If you are on the ground however, it is another matter entirely. Dust devils can flip your plane upside down in certain circumstances. This type of incident is almost exclusive to cessnas and other high wing aircraft though. The only way to negate this from happening is to position the controls correctly, mostly by pushing forward on the controls to keep the elevator down and tilting your ailerons away from the direction of the wind.
I hope this helps somebody survive a dust devil! Talk to you again soon!

How can a rotary wing pilot get their fixed wing private pilots license?

Hello everyone! So I have been getting a number of calls lately on what the regulatory requirements are to get your private pilots license in an airplane single engine land if you already have a rotary wing license. According to ยง61.109, you are going to need 20 hours of dual training in an airplane and 10 hours of solo time in an airplane. You will still need to do all of the requirements of a normal private pilots course such as the three hours hood, three hours of night, three hours cross country and five of your solo hours cross country with the long one in there (150 nm). This can be done in about a week through my accelerated course with the check ride included. Please reference the following link http://www.ecfr.gov/cgi-bin/text-idx?c=ecfr&rgn=div8&view=text&node=14:2.0.1.1.2.5.1.5&idno=14.

Feel free to call me anytime at 702-504-6376, talk to you soon!

Jamie

Finishing up your private pilots license or instrument rating

Hello everyone! I get lots of email and calls from people who have started their private pilots license or instrument rating somewhere else but for many different reasons were unable or unwilling to finish off their training where they started. Many people think that it’s a bit odd to start training somewhere else then finish at another school. The truth of the matter is that upwards of 65% of my students have started their training prior to calling on me to finish them up. The average flight time that each student has accumulated prior to starting up with me is around the 20 to 30 range as well. Keep in mind that you have the right to go anywhere you want to complete your training if you do not feel like things are going the way at any time! Most flight training endeavors will lead to an average of six months, 65 to 75 hours of flight and a 96% drop out rate where as my program is a 95% completion rate, ten days and a 43 hour average time til completion. I even have a 95% first time pass rate to boot! If you would like to discuss your training options with me, please feel free to call me on my cell at 702-504-6376. Hope to talk to you soon!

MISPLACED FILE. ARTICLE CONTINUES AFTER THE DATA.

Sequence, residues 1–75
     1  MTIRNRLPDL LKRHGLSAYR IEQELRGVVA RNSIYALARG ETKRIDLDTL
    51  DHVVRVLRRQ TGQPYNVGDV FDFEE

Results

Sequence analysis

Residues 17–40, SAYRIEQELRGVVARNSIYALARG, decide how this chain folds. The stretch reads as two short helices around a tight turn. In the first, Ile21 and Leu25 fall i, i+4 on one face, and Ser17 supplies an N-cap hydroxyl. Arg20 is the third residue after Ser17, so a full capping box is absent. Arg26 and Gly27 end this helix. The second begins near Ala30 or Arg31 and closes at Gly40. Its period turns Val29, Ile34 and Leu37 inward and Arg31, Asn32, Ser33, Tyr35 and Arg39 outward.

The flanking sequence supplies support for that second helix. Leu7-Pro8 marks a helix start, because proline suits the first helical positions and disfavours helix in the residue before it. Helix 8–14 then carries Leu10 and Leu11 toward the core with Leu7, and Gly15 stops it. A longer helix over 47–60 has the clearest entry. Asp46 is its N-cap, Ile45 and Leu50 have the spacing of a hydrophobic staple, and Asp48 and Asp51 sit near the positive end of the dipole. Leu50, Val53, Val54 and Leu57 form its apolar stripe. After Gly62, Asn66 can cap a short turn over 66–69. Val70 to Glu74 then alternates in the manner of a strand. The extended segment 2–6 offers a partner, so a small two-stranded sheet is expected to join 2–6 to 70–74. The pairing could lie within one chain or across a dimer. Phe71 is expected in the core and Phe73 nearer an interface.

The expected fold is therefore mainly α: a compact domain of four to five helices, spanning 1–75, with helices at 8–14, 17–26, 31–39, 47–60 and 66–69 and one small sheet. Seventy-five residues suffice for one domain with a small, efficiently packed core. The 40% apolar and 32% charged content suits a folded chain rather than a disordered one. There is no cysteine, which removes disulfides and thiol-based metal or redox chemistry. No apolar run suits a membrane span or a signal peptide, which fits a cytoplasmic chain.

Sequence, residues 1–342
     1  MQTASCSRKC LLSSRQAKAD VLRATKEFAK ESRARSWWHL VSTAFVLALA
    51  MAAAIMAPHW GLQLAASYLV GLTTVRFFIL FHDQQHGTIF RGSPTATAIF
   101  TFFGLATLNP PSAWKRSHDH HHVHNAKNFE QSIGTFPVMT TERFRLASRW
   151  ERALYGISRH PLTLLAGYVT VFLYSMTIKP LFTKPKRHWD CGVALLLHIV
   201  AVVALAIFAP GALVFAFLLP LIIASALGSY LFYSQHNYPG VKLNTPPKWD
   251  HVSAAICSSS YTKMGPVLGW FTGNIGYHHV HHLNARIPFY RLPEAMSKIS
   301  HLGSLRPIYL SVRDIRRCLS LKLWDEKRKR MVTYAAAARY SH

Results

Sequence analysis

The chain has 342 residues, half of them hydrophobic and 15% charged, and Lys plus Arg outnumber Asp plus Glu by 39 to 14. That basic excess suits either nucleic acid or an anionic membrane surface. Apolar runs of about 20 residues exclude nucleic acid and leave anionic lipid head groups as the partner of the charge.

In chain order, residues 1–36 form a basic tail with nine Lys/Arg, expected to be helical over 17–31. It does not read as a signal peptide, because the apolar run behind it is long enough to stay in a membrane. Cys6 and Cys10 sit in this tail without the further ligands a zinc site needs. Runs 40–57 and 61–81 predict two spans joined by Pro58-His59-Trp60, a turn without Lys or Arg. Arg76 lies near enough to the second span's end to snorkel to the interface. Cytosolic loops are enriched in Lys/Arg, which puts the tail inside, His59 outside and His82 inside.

Jamie Clabaugh

Accelerated flight training in southern California

Hello everyone!
Just a few thoughts on getting your private pilots license or instrument rating in the busy southern California airspace.